The History Of Amateur Radio

This portion of my website was prepared with the help of Bill Continelli, W2XOY. Bill has prepared several articles in a series he calls "The Wayback Machine", in the hope to expand the knowledge of fellow hams, about Amateur Radio's unique and unchallenged history.

THE WAYBACK MACHINE #19    by Bill Continelli, W2XOY

In 1974, the amateur radio population was on the increase again, thanks to the popularity of 2 meter FM. Incentive Licensing had been in place for 5 years, and the anger and resentment over losing HF frequencies was beginning to fade.

However, trouble was brewing. The FCC had several petitions on their agenda, most from hams, and one from the Electronics Industry Association. In late 1974, two bombshells were dropped.

The first surprise was Docket #20282--the FCC's restructuring plan for amateur radio. Apparently oblivious to the upheaval that was caused in the 1960's with Incentive Licensing, the FCC was now proposing rules that would take away major privileges from Generals, eliminate the ability of 90% of Technicians to renew their license, and, horror of horrors, create a new "No Code" license. The proposal was somewhat complicated, so grab a pencil and some paper, and follow along.

The FCC, in essence, wanted to create a "dual ladder" incentive licensing system, with two routes available. The first, named Series A, covered the shortwave frequencies, while Series B encompassed the VHF-UHF allocations. The dividing line between Series A and Series B was not 50 MHz, as one would expect, but rather 29 MHz, or roughly the middle of the 10 meter band.

Series A contained familiar amateur classes--Novice, General, Advanced and Extra. Novices would get a power increase from 75 to 250 watts input, and would also gain a 5 year renewable license to replace the 2 year non-renewable one now in existence. Generals would lose big--the 29.0 to 29.7 MHz segment of 10 meters would be taken away; they would be limited to A1 (CW), A3 (AM & SSB), and F3 (FM) emissions only (in other words no more slow scan TV, RTTY, or radio control); power output would be reduced to 500 watts PEP; and they could no longer supervise mail examinations. Furthermore, they could no longer be the trustee of a club station or repeater. Generals who were already licensed if or when this proposal was adopted would also be "Grandfathered" into the Series B Technician Class license.

The Advanced class gained under Series A. They kept all of their privileges below 29 MHz, received a power increase to 2 kw PEP output, gained access to the Extra Class phone segments, and would be "Grandfathered" into the new "Experimenter" Class in Series B.

The Extra Class lost their exclusive phone bands, which would be shared with the Advanced license. However, they kept their CW subbands, and gained the 2 kw PEP output, as well as a lifetime operator license. Note that the Conditional Class license is not mentioned. That's because the FCC incorporated it into the General license. Conditionals would have the letter "C" after the word General, and their license would not be renewable.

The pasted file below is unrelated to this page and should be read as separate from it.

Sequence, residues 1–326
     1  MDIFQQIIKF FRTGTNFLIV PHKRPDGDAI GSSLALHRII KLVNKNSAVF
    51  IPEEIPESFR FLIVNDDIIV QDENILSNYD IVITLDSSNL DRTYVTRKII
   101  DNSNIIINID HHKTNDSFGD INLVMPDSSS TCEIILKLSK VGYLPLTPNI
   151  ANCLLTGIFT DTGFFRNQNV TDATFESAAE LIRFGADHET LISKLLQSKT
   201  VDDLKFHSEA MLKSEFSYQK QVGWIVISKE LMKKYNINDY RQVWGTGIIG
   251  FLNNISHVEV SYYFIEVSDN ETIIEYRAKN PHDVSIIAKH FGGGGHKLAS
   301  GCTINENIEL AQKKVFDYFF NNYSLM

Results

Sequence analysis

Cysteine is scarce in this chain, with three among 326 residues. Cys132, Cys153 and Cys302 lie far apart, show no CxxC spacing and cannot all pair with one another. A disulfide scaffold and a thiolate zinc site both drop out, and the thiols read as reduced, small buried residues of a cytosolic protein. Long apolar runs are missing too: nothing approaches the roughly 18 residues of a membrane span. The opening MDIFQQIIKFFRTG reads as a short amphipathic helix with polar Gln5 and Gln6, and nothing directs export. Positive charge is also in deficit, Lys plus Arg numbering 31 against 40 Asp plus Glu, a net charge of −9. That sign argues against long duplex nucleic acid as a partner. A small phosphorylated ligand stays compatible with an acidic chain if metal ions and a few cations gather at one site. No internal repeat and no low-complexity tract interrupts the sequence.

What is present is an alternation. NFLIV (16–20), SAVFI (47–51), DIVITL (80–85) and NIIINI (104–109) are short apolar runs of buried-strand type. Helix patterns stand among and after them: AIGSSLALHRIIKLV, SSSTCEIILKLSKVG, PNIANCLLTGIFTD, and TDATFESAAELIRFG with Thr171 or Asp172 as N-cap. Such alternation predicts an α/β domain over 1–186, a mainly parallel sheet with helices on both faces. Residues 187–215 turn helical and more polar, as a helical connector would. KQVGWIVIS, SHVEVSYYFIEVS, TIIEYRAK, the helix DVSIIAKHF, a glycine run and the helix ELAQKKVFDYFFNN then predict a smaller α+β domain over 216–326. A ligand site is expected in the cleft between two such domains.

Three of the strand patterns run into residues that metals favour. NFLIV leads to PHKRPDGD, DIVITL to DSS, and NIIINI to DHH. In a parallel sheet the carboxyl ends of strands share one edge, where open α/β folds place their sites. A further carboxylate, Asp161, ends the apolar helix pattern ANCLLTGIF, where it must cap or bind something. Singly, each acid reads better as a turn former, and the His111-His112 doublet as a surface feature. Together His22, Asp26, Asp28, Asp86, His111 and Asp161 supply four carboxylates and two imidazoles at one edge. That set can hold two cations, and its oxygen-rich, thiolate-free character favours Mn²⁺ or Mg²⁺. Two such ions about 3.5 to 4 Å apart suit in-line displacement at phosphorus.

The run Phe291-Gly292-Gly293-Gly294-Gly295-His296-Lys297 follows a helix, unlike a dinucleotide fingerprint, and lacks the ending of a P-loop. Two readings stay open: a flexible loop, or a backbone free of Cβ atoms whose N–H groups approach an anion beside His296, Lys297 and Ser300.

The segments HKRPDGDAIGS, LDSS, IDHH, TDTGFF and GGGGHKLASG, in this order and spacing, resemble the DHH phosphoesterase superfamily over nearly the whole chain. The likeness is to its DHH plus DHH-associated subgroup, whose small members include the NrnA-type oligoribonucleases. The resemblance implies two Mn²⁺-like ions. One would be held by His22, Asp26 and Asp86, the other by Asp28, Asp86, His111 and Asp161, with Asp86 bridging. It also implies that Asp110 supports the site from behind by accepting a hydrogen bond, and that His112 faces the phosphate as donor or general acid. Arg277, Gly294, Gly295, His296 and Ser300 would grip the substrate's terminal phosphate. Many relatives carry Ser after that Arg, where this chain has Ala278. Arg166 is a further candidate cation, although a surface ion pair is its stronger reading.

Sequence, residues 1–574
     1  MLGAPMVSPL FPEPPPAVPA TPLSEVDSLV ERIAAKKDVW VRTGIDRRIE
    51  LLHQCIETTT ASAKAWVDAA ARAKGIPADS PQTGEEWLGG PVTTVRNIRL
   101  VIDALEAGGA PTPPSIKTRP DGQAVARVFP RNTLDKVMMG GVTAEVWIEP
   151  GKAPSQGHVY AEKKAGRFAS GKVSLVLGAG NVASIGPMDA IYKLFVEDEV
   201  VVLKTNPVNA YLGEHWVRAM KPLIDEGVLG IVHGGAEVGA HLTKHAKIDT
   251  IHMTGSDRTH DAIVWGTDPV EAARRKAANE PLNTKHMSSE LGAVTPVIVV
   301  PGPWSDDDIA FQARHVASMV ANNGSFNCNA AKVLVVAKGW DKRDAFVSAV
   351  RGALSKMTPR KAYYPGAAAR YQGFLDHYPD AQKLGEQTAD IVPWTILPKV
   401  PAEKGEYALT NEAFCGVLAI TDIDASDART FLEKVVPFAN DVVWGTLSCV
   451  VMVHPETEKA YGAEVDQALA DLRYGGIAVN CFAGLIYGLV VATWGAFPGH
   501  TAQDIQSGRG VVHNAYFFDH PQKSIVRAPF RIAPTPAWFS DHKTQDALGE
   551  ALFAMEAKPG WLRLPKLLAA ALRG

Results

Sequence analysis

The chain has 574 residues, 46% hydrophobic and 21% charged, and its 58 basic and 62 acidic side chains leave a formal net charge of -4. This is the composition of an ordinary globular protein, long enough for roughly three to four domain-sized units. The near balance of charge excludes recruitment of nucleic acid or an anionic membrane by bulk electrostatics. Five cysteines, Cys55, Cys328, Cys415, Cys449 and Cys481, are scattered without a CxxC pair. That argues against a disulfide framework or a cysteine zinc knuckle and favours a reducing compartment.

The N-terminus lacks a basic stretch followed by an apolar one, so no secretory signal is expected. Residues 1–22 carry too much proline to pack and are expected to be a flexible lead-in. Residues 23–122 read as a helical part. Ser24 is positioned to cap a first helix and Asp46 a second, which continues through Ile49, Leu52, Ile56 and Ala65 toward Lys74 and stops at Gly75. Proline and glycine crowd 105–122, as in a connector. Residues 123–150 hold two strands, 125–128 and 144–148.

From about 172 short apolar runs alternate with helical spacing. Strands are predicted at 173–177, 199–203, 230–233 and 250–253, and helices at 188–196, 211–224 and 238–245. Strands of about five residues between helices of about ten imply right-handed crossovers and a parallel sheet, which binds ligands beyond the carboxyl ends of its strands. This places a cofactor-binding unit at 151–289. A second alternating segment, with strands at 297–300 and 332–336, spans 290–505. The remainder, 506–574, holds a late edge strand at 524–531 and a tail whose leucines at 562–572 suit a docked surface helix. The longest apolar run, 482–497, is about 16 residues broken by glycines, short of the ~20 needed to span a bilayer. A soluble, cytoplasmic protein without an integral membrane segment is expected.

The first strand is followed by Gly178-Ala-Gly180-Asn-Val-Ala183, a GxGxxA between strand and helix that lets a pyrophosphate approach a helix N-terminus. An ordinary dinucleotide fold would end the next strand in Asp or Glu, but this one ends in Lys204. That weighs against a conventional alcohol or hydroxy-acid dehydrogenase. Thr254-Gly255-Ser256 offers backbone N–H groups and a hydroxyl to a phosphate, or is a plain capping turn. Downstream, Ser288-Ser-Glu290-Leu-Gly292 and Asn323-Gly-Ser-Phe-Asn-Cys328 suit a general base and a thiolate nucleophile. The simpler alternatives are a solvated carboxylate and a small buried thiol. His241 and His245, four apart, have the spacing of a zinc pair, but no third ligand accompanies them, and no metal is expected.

On the Series B, or VHF-UHF side, the proposed changes were even more drastic.

The FCC, for the entry level license, would create a new "No Code" "Communicator" Class, which would allow operations above 144 MHz using F3 (FM) emissions only

Technicians would gain some frequencies--the 50.0-50.1 and 144-145 MHz segments--but otherwise, like the Generals, would lose big. They could only use A1, A3 and F3 emissions with 500 watts PEP output, and could not be the trustee of a club station or repeater. However, the worst news for Technicians was that those who had taken their exam via mail (about 90%) would not be allowed to renew. They, like the Conditionals, would have to pass the test again before their license expired.

One step above the Technician Class was another new license proposed by the FCC--the Experimenter Class. "Experimenters" would have all amateur privileges above 29 MHz, with 2 kw PEP output.

Above the Experimenter license was the Extra Class, which held the distinction of being at the top of the ladder for both Series A and B.

The FCC proposed adjusting the written exams to accommodate the different requirements of Series A and Series B. Element 2 (the old Novice written exam) would be rewritten into 2A (Novice) and 2B (Communicator). Novices would have to pass the 5 wpm code, as well as 2A, while Communicators only had to pass 2B. Likewise, the General Element 3 would be divided into 3A (General) and 3B (Technician). Generals and Technicians would still have to pass the 13 and 5 wpm code tests respectively. Advanced Class operators needed 13 wpm and the Element 4A written exam, while Experimenters had to pass a 5 wpm code test along with Element 4B. For the Advanced and Experimenter Classes, only the 20 wpm code test was needed to upgrade to Extra.

Since, except for the Extra, the Series A and Series B licenses did not overlap, the FCC would allow amateurs to hold one license in each Series. This created some interesting possibilities. As previously noted, a General could also hold a Technician, and an Advanced the Experimenter. Both Technicians and Experimenters could obtain a Novice, if they passed Element 2A. The "No Code" Communicator could also hold a Novice, if Element 2A and the 5 wpm tests were passed.

The FCC set a June 1975 deadline for comments on the restructuring proposal. The ARRL, still smarting from the Incentive Licensing conflicts, wasn't going to comment until they had taken the pulse of their members. What was the ARRL's response? And just what was "Class E CB", the other FCC proposal? How did it affect Amateur radio? In our next installment, the "Wayback Machine" will have the answers.

Copyright 1996, 2001, 2005 by William Continelli, W2XOY

All rights reserved.

These columns were originally written for the Schenectady Museum Amateur Radio Club.